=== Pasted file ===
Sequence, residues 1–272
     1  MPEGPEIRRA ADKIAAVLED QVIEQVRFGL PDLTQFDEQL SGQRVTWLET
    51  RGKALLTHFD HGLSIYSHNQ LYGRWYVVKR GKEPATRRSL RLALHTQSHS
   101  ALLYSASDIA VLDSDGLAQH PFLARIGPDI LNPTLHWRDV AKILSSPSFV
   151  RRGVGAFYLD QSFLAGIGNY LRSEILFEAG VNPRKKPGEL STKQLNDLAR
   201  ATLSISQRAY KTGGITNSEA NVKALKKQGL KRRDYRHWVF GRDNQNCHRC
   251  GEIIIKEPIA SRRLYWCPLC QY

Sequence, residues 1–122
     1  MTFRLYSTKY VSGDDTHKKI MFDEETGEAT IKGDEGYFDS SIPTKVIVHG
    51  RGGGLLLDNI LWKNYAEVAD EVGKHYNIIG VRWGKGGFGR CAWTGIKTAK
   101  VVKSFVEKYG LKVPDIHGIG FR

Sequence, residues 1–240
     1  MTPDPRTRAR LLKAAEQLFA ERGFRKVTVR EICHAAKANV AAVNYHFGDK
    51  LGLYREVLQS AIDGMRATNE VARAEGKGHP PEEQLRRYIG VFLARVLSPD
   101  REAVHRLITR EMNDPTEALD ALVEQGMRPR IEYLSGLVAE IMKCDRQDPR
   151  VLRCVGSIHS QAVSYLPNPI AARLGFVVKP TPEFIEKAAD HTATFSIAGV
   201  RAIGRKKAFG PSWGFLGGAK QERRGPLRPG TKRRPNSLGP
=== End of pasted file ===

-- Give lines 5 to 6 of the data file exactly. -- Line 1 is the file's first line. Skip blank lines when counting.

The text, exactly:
   151  RRGVGAFYLD QSFLAGIGNY LRSEILFEAG VNPRKKPGEL STKQLNDLAR
   201  ATLSISQRAY KTGGITNSEA NVKALKKQGL KRRDYRHWVF GRDNQNCHRC